Lorraine Buchanan considered that the organisation ran efficiently and with only the basics required to operate.  It spend approximately £500-£1000 per year on each volunteer, of which there were 70.  Onboarding of a volunteer cost approximately £3500.  CAW employed four staff full time as well as a number of part time staff.

CAW only provided support to those in the Borough.  Any person that sought its support who was resident outside of the Borough may be helped initially but referred to their local Bureau for ongoing or further support.

Officers clarified that the Council continued to provide statutory services as it was required to rather than CAW.

It was requested that a paper be provided that explained the costs to the Council should CAW cease operation.

Officers suggested that the Council could support CAW to uncover any efficiencies that it could make in its operations and where it could coordinate support with other organisations.  Julie Fisher, the Chief Executive, re-emphasised that the level of support CAW received from the Council could not continue.

Citizens Advice Woking considered that there was no other organisation operating in the Borough that held the breadth of expertise to support residents in the Borough, particularly with complex cases.

Woking Community Transport

Guy Padfield-Wilkins of Woking Community Transport (WCT) provided a presentation on the history and work of the organisation.

There existed a service-level agreement between Woking Borough Council and WCT which required provision of seven vehicles per day, 52 weeks of the year.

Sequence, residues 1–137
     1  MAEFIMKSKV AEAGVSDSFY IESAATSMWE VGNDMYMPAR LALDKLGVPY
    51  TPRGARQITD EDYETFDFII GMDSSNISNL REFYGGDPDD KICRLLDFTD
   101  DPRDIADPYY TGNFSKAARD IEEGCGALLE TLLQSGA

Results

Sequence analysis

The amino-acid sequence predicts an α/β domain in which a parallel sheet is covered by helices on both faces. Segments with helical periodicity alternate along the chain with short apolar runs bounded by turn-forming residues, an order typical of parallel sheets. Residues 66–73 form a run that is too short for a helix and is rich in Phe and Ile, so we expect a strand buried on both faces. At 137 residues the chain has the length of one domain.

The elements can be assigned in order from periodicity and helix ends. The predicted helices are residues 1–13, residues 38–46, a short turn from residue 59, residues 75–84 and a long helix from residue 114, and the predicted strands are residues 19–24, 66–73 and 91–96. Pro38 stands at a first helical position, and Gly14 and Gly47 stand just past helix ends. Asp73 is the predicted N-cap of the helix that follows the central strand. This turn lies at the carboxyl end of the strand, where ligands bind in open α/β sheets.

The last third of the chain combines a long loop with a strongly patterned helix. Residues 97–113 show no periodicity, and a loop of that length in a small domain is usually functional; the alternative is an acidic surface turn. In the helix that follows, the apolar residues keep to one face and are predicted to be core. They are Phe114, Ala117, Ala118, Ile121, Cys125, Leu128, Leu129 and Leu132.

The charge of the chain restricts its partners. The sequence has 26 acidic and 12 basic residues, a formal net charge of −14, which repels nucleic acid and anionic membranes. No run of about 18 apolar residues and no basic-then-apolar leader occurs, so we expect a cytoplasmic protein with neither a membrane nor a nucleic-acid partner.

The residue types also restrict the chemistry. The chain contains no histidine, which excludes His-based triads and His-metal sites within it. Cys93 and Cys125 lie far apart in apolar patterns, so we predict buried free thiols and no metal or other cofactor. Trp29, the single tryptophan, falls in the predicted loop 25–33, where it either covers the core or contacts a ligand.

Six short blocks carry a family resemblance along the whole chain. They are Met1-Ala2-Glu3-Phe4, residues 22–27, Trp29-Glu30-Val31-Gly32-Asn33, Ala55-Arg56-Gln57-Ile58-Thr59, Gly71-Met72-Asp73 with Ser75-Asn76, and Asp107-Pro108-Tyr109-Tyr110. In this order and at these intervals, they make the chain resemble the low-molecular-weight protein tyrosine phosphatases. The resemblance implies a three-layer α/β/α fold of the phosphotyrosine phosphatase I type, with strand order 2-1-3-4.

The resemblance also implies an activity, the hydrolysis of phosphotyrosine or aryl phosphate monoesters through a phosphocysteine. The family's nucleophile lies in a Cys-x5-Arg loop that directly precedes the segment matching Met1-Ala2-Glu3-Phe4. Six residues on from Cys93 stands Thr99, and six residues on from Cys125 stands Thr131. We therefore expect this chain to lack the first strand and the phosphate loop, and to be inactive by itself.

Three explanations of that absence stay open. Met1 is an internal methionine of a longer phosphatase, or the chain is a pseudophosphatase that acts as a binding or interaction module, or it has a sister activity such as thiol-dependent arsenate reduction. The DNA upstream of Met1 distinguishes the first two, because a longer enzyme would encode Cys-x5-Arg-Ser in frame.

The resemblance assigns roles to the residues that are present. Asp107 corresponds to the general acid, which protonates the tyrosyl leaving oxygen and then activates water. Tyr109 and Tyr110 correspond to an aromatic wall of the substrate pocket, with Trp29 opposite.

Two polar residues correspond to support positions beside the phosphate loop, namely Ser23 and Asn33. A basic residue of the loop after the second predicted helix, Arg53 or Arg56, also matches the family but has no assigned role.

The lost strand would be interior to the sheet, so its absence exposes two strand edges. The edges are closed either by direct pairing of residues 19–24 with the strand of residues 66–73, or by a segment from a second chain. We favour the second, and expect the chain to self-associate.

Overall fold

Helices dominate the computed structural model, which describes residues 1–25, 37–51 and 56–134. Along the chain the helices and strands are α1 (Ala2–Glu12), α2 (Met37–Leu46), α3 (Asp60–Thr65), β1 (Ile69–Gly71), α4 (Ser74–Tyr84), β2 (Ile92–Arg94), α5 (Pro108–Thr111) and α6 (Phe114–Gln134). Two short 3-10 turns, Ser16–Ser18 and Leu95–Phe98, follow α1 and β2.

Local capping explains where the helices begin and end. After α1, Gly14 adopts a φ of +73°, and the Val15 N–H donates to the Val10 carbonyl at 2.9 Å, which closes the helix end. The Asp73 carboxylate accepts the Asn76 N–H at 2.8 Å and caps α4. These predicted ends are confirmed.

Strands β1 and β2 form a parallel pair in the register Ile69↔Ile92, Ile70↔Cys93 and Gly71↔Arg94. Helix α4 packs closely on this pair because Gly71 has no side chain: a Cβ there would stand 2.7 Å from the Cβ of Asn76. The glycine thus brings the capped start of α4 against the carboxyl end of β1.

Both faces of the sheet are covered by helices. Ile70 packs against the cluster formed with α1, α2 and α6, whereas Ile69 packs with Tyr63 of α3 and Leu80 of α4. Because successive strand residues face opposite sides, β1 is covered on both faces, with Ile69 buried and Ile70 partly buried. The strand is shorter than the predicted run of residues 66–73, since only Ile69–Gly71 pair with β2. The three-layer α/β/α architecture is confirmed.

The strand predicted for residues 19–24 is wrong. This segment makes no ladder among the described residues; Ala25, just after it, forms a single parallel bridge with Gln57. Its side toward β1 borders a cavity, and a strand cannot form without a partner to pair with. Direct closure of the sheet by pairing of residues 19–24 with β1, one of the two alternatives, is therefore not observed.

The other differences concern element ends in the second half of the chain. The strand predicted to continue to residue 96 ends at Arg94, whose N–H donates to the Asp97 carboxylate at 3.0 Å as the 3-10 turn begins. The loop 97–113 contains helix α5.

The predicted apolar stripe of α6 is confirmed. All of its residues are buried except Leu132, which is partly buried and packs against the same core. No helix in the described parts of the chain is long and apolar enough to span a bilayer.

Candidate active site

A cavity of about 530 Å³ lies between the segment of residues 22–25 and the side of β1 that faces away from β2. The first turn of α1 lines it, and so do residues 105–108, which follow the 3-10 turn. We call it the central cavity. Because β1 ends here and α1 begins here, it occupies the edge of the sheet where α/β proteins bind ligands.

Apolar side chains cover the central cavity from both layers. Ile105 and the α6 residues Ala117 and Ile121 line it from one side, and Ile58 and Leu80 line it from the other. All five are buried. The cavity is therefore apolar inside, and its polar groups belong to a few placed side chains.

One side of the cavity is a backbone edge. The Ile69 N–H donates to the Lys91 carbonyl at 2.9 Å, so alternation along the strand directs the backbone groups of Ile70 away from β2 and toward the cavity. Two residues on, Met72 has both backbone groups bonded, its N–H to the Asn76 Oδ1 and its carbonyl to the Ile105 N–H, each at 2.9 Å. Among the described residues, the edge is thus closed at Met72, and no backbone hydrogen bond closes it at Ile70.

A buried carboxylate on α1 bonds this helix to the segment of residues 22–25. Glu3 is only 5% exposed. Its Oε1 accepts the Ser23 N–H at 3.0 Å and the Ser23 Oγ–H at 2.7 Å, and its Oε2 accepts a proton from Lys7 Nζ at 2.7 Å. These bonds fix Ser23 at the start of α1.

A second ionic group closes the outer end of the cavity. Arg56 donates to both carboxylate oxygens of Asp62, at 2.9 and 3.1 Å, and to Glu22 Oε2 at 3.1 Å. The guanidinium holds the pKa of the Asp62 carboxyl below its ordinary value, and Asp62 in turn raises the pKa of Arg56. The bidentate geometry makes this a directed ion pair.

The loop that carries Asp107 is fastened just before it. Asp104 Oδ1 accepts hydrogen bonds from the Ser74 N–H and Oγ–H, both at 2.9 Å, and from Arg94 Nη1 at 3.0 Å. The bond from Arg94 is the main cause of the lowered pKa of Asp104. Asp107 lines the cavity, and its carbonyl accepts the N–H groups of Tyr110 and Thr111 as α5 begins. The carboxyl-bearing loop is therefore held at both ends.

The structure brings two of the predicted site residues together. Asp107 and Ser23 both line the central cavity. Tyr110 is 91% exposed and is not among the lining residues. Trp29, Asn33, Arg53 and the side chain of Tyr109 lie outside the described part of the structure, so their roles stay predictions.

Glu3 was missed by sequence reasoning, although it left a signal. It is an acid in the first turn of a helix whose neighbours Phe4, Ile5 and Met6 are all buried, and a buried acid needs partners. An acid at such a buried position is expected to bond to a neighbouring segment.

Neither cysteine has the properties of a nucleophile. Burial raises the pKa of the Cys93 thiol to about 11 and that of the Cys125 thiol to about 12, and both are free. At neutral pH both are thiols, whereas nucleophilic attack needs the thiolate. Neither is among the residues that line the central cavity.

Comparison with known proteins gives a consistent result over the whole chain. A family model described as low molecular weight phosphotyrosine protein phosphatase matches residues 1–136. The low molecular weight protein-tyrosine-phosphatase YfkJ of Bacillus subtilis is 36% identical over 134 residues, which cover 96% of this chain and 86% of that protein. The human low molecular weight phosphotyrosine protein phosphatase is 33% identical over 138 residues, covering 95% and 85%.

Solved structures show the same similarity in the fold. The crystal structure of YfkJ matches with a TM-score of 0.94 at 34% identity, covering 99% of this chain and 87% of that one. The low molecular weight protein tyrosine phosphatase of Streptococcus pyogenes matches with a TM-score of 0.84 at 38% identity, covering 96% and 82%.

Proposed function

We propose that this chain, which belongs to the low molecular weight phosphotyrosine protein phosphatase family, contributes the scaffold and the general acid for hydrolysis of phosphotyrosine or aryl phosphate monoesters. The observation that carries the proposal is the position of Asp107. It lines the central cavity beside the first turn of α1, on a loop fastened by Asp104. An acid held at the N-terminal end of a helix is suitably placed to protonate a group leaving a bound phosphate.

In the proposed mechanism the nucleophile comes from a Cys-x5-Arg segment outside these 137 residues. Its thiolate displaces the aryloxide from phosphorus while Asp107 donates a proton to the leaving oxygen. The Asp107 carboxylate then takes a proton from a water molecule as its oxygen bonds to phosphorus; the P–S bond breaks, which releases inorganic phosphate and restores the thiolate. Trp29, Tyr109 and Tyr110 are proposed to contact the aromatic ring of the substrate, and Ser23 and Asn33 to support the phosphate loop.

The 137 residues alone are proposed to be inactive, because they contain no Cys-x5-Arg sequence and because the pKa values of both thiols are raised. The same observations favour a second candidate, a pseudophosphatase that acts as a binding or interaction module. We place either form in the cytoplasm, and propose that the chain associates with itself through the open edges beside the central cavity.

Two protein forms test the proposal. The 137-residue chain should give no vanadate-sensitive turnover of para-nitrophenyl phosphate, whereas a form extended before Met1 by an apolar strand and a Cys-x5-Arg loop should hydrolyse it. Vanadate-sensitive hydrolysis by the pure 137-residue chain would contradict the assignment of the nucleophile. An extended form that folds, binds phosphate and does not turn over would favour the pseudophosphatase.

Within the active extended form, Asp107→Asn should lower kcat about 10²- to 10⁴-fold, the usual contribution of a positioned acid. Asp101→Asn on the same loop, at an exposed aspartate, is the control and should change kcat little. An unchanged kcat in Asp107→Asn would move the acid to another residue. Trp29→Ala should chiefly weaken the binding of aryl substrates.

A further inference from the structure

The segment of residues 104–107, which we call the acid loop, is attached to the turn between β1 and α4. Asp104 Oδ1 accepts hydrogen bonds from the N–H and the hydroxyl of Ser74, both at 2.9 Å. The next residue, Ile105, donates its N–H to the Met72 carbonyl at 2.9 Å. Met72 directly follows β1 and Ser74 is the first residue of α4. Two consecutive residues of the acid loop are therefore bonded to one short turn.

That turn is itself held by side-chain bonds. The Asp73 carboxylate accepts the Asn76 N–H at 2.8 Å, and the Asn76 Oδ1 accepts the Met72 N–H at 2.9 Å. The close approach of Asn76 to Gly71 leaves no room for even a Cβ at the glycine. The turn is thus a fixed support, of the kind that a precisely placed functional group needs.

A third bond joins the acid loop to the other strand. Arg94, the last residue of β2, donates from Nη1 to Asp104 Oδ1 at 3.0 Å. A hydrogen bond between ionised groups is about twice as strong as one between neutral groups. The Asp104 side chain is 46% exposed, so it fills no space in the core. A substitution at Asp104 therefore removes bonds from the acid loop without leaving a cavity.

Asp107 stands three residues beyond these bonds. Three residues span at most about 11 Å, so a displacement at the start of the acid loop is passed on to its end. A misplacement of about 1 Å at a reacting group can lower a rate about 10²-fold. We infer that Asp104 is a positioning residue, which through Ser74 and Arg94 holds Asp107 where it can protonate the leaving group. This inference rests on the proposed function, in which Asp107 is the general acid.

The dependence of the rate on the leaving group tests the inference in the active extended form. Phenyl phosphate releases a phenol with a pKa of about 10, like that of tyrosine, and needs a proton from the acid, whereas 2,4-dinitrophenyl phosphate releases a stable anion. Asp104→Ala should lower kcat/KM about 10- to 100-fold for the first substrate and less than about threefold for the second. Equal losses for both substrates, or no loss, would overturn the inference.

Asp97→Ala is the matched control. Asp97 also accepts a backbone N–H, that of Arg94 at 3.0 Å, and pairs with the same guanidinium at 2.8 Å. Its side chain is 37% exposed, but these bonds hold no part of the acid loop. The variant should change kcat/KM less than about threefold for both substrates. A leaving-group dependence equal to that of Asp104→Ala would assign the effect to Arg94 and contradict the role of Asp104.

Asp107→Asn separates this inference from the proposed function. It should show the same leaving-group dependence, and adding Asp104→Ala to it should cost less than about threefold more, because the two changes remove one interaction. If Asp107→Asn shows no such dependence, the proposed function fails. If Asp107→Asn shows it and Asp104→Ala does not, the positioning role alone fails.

WCT had been setup by Woking Borough Council and Surrey County Council.  The dial-a-ride and day care passenger services were only available to its 3986 members.  The membership had increased by 1618 members over the previous seven years.

The service users of WCT included the elderly, disabled and vulnerable.

Due to the operating model used by WCT it was not permissible to cross-fund any service, each service provided needed to be able to fund itself.

Guy Padfield-Wilkins did not consider it possible for WCT to change its operating model as there were increased costs associated with the alternative.

The proposed removal of funding from Woking Borough Council would also include ending the office and garage leases.  Guy Padfield-Wilkins estimated the required replacement funding to be £270,000 per year.  WCT paid a peppercorn for the office space, business rates and a commercial rate for the garage.

Julie Fisher emphasised that there was no immediate need for WCT to vacate the premises and Surrey County Council had been engaged to find an alternative location.

Woking Community Transport had invested in electric charging stations for its buses at its offices.

If the support from the Council was removed Guy Padfield-Wilkins calculated that rates would need to increase from an average £4.80 per trip to £24.  It was unlikely that taxis could act as replacement as the dial-a-ride service included supporting and transferring users to and from the vehicle and to and from their home or destination.

The Chief Executive noted that the Council was duty-bound to set a balanced budget and therefore had to consider very difficult cuts.  Unless a discretionary service, which included the funding to WCT, could be provided as cost neutral the Council was not able to provide it.

In response to a question from the Chair, Guy Padfield-Wilkins expressed concern that the Council had effectively already decided that the support was to be withdrawn.


That the report be noted.